Security software: how to track your devices on iOS without it

Security software: how to track your devices on iOS without it

Security software: how to track your devices on iOS without it

I hate to ask this, but, did you lose one of your iOS devices and forgot to install a security software with tracking?

Don’t worry, there are still some options that can help you recover an iPhone, iPad, or iPod without having proper security software. We hope that next time you’re way more prepared with an app like Prey.

Today, mobile devices have packed their own tracking software letting users know where the device is, thanks to integrated GPS. However, there are third party apps that deliver more features and better results. But Apple’s basic integrated solution provides a simple yet effective geolocation.

The main option is to use iCloud and its “Find my iPhone” app to know where the lost device is. This is included in every iOS device with iCloud capabilities, and even has a remote interface to locate and follow the phone’s movements.

One of these new options is to completely block the device and send a message to whoever found it, in case they’re willing to return it. What’s more, it can remotely wipe the entire memory to protect the user’s privacy.

It is worth noting that, for all these features to work, you must always have an active Internet connection. If not, Find my iPhone won’t be able to access these services.

One of the bonuses of this service over its Android counterpart, the Google Android Device Manager, is that if the MacBook or iPhone is turned on but, with its location services are off, iCloud can turn them on remotely, thus ensuring a safe, accurate tracking.

There were other alternatives back in the day, like installing third party apps remotely. Unfortunately, Apple’s privacy policies don’t allow this course of action anymore. It would be amazing to install a better security software remotely, but now it’s a matter of prevention. This leaves you with no choice but the basic app, if dealing with unprotected devices.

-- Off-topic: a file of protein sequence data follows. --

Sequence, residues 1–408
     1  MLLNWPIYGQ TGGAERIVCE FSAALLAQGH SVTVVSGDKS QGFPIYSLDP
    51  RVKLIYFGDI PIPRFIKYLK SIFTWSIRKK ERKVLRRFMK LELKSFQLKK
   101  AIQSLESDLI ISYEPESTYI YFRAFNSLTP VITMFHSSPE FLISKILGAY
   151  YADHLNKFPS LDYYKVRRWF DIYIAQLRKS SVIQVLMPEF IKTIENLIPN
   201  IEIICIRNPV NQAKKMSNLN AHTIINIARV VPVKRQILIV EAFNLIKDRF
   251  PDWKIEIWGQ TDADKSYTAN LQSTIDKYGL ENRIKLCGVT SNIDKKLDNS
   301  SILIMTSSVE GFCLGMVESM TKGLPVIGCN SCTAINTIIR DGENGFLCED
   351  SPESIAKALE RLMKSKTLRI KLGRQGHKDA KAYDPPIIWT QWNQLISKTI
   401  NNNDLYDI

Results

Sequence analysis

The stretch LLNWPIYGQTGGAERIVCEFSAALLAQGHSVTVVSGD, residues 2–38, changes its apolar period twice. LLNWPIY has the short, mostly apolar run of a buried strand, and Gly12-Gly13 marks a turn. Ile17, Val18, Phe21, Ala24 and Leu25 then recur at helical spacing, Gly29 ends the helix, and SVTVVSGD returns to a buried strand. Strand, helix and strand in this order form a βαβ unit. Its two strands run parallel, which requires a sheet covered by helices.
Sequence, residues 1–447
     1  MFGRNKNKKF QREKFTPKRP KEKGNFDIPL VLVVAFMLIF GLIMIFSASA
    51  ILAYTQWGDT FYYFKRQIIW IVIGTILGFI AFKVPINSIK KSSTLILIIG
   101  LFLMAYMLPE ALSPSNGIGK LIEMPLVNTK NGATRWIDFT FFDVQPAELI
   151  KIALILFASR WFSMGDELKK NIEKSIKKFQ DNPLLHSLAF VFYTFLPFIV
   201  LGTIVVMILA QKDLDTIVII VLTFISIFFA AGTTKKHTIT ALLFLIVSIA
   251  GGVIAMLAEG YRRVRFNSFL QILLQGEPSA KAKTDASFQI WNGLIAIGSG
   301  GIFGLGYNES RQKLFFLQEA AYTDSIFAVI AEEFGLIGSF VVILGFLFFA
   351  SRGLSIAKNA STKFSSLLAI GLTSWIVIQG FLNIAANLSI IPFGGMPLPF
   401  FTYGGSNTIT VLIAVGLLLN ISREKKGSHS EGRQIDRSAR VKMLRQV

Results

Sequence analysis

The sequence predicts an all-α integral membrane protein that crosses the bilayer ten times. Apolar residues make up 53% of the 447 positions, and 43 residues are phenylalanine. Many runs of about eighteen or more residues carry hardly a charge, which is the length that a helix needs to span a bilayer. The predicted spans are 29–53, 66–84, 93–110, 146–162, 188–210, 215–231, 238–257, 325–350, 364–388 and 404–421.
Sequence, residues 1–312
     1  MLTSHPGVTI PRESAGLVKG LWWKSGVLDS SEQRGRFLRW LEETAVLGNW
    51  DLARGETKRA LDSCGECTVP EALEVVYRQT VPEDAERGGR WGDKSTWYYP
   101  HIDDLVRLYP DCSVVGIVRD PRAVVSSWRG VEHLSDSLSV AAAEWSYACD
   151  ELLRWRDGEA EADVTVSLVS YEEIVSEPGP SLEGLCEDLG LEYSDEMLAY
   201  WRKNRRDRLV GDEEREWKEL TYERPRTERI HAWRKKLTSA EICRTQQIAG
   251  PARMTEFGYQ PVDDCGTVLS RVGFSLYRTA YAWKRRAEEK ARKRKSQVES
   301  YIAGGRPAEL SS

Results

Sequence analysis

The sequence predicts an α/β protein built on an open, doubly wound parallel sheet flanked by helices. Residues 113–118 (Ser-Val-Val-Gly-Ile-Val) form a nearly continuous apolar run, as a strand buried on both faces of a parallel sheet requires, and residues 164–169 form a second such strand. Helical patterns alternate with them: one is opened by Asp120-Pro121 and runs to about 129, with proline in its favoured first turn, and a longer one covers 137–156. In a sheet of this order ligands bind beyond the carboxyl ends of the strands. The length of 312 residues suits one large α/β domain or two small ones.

Creative Options

Like we mentioned, finding a device when there’s no Internet available is impossible. This doesn’t mean there aren’t creative options around. Trendblog.net thought outside the box and came up with two alternative approaches to find your lost device.

One of these options is to use Google’s own “Timeline” option as a stealthy spy that will display key places where the device has been. While it won’t pinpoint the exact location, Timeline will recognize public places such as restaurants, cafes, and parks. It works even when the phone is off, since it collects data from the phone’s network and public Wi-Fi until the very last moment.

By using Timeline, you might be able to recognize patterns, or see where your device is usually used, increasing your chances to recover it. Although this requires planning, and it’s not as certain as other softwares.

Another last resort option is to use Dropbox to keep a registry of all the photos being taken with the device. You just need a Dropbox account to turn on the feature that saves all photos in the cloud, allowing you to discover who is using your lost iOS device by looking at his pictures.

We truly hope you’re able to recover your device! As soon as you do, we recommend you install a security software like Prey, avoiding improvised solutions with standard features. It will allow you to start a more detailed tracking, take pictures with the camera, create reports for the police, and even determine control zones and geofencing with alerts. And since you control it through its web interface, you can access the device manager suite from any computer, making the process easier and increasing the recovery rates.

Did you have a positive outcome in your Quest? Leave us a comment with your story!

Nicolas Poggi

Nicolas Poggi

Nicolas Poggi is the head of mobile research at Prey, Inc., provider of the open source Prey Anti-Theft software protecting eight million mobile devices. Nic’s work explores technology innovations within the mobile marketplace, and their impact upon security. Nic also serves as Prey’s communications manager, overseeing the company’s brand and content creation. Nic is a technology and contemporary culture journalist and author, and before joining Prey held positions as head of indie coverage at TheGameFanatics, and as FM radio host and interviewer at IndieAir.